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Re: LegendreP error (bug?) in Mathematica
*To*: mathgroup at smc.vnet.net
*Subject*: [mg81290] Re: LegendreP error (bug?) in Mathematica
*From*: Roman <rschmied at gmail.com>
*Date*: Tue, 18 Sep 2007 05:54:01 -0400 (EDT)
*References*: <fcb3qh$fk1$1@smc.vnet.net><fcnle7$sac$1@smc.vnet.net>
Oleksandr, et al.,
Your compiled code works only for small enough L and M, since the
associated Legendre polynomials quickly exceed the range of machine
numbers. It then defaults to slow evaluation. To speed things up you
can start from a stable recursion relation for the spherical harmonics
(like the GSL people do), something like this for Y[L,M,x] =
SphericalHarmonicY[L,M,ArcCos[x],0]:
Y[L_, M_, x_] := 0/;M>L
Y[L_, M_, x_] := (-1)^M Y[L,-M,x]/;M<0
Y[L_, M_, x_] := (-1)^L(2L-1)!!Sqrt[(2L+1)/(4Pi(2L)!)](1-x^2)^(L/
2)/;M==L
Y[L_, M_, x_] := x Sqrt[2L+1]Y[L-1,L-1,x]/;M==L-1
Y[L_, M_, x_] := Nest[{#[[1]]+1,#[[3]],
Sqrt[(2#[[1]]+1)/((#[[1]]+M)(#[[1]]-M))](x
Sqrt[2#[[1]]-1]#[[3]]-
Sqrt[(#[[1]]+M-1)(#[[1]]-M-1)/(2#[[1]]-3)]#[[2]])}&,
{M+2,Y[M,M,x],Y[M+1,M,x]},L-M-1][[3]]
If you compile this like you did, you'll get a good algorithm for the
spherical harmonics which never overflows the machine numbers. From
those you'd use arbitrary precision math to compute
P[L_, M_, x_] := Sqrt[4Pi(L+M)!/((2L+1)(L-M)!)]Y[L,M,x]
which may easily overflow the machine numbers.
Roman.
On Sep 18, 6:50 am, sashap <pav... at gmail.com> wrote:
> On Sep 17, 2:32 am, Roman <rschm... at gmail.com> wrote:
>
>
>
> > John, Oleksandr, Bob, Andrzej, et al.,
>
> > If the problem here is arithmetic cancellations, as Oleksandr claims,
> > then Mathematica is definitely not using the best algorithm out there!
> > It is true that when you write out an associated Legendre polynomial
> > explicitely and then plug in numbers, the evaluation of the polynomial
> > becomes terribly unstable because of extreme cancellations. But that's
> > NOT how you're supposed to compute Legendre polynomials; instead, you
> > can use recursion relations, which are numerically stable.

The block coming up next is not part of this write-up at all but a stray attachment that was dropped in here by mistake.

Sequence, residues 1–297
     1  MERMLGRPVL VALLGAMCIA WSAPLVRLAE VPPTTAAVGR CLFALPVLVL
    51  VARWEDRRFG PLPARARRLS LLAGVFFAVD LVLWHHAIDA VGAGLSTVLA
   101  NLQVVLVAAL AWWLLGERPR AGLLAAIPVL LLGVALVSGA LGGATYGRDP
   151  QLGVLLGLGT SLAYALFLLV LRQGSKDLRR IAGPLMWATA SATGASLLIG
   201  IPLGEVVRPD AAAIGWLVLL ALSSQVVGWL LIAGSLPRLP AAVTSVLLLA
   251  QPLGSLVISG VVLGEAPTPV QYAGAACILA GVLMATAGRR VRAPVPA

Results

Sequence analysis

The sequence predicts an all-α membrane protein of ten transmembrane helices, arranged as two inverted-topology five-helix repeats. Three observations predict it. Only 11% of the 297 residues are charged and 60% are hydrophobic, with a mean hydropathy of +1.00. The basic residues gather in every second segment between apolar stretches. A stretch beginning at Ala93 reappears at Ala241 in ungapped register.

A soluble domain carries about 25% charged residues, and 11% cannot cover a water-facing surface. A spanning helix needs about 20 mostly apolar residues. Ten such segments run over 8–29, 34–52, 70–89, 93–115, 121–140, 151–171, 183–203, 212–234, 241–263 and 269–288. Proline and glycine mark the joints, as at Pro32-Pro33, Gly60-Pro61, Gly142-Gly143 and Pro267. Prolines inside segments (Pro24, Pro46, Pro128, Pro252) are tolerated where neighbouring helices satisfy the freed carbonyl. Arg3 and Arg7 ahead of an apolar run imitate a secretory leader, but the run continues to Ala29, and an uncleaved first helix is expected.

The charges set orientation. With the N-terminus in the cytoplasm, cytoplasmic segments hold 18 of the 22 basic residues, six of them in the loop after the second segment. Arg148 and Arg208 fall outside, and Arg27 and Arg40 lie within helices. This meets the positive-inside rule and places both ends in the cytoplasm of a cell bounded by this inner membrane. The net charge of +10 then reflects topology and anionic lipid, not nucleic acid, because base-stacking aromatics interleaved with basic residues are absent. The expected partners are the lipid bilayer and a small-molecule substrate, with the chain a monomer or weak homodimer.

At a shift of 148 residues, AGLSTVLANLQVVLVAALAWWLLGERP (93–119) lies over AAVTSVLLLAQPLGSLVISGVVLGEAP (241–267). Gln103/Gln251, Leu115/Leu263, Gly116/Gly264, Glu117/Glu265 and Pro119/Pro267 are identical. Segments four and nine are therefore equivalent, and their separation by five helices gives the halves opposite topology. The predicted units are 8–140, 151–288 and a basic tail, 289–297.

>
> > Andrzej: Thanks for pointing out the issue with MachinePrecision
> > numbers lacking precision tracking. But again, this just explains
> > Mathematica's behavior but not why such a bad algorithm was chosen in
> > the first place.
>
> > I agree that by upping the WorkingPrecision you can make the
> > Mathematica built-in algorithm work (otherwise something would be
> > seriously amiss), but this does not explain why the built-in algorithm
> > is so bad in the first place that it requires extra precision. Here's
> > a more stable algorithm that I've assembled from equations (66,69,70)
> > of MathWorld's Legendre page (http://mathworld.wolfram.com/
> > LegendrePolynomial.html): (no guarantees on speed)
>
> > P[L_, M_, x_] := 0 /; M > L
> > P[L_, M_, x_] := (-1)^L (2 L - 1)!! (1 - x^2)^(L/2) /; M == L
> > P[L_, M_, x_] := x (2 L - 1) P[L - 1, L - 1, x] /; M == L - 1
> > P[L_, M_, x_] := Nest[{#[[1]] + 1, #[[3]],
> > (x (2 #[[1]] + 1) #[[3]] - (#[[1]] + M) #[[2]])/(#[[1]] + 1 - M)}
> > &,
> > {M + 1, P[M, M, x], P[M + 1, M, x]}, L - M - 1][[3]]
>
> > It works only for integer L and M, and does not do any checks on the
> > parameters. You can see that this is more stable by plotting something
> > like
>
> > Plot[P[200, 43, x], {x, -1, 1}]
> > Plot[LegendreP[200, 43, x], {x, -1, 1}]
>
> > >From this you can calculate the spherical harmonics using equation (6)
>
> > ofhttp://mathworld.wolfram.com/SphericalHarmonic.html
>